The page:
The broken telephone between GDBOP and SELEC
Tentative denials by Bulgarian authorities could never break the beautiful legend and so the story of the mythical bitcoin wealth gathered momentum. Over the last five years hundreds more media outlets and reports have commented on Bulgaria's bitcoins, even hailing the country as the wealthiest crypto nation.
Changes in government have helped to establish the truth. Ivaylo Mirchev, MP from Democratic Bulgaria, started sending official questions to the Ministry of Interior Affairs and the newly-founded Ministry of e-government, but got short shrift from both. There is no information about any crypto being taken. After that he asked SELEC. Minister of Finance Assen Vassilev has also answered questions from Bulgarian and international media about bitcoins, but his answers were the same as these of his predecessor Vladislav Goranov - he doesn't know about any bitcoins and there are no documents pertaining to them.
There are two versions as to why no one knows about them. But both of them say that at the end of the day Bulgaria doesn't have bitcoins and never did.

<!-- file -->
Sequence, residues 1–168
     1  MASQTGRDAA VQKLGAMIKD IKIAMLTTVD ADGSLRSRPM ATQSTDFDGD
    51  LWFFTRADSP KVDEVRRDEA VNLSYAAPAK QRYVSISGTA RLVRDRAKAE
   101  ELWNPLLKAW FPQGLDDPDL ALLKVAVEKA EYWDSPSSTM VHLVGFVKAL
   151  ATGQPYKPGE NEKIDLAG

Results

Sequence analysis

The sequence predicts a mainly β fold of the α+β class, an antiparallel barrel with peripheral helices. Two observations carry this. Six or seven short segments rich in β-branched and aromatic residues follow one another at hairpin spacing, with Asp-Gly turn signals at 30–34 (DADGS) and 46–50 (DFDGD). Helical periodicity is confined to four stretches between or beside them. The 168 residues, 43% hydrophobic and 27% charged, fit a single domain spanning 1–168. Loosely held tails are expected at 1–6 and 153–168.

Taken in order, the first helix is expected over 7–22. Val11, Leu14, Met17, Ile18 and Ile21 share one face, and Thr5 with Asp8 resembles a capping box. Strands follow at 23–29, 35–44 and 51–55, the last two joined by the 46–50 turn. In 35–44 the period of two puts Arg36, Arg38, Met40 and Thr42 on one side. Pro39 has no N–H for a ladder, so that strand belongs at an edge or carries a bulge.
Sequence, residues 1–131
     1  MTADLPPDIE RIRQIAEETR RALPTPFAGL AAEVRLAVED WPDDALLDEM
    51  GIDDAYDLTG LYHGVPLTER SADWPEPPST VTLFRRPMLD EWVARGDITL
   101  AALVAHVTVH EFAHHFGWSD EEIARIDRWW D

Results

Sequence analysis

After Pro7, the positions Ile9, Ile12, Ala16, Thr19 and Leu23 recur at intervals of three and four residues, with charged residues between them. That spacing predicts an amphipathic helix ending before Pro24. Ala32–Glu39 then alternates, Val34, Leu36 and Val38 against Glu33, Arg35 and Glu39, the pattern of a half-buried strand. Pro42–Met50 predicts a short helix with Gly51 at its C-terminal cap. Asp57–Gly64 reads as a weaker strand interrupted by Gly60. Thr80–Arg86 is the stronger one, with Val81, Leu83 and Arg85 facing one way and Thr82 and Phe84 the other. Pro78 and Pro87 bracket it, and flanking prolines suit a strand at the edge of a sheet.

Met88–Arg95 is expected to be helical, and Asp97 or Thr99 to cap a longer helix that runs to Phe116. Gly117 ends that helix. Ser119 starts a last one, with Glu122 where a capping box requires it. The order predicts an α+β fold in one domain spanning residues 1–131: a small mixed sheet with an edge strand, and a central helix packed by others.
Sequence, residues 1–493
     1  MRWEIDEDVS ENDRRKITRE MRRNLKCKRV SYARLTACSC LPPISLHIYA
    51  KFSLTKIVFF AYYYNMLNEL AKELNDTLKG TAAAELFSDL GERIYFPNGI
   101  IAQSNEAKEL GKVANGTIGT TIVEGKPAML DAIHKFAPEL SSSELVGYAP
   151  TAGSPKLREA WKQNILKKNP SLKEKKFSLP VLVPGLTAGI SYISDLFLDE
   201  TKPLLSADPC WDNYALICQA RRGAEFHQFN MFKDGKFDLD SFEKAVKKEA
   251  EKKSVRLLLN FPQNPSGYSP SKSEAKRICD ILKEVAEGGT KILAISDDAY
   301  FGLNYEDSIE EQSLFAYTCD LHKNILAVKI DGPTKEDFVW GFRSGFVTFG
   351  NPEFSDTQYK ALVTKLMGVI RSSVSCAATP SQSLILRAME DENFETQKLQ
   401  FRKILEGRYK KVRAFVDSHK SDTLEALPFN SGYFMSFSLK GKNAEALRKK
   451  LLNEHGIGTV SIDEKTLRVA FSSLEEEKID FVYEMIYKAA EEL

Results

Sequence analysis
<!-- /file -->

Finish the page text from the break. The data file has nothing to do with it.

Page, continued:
According to a former high-ranked representative of GDBOP, who spoke to KInsights on condition of anonymity, the reason is simple - there are no bitcoins.
The whole mess, according to the source who has direct knowledge of the case, comes from the information sent from GDBOP to SELEC. It states that law enforcement had seized wallets with 213,519 bitcoins in them. But the case was actually of wallets, through which 213,519 bitcoins had passed through, i.e. this was the overall number of coins there at all stages in the wallet's lifecycle, not the number of coins found at the time of operation. According to the source of KInsights, no cryptocurrencies had been taken during the operation.
In an answer to Ivaylo Mirchev, SELEC says that there is no error in the information they have published. But, according to KInsights' source, the error comes from the information sent, not the information received.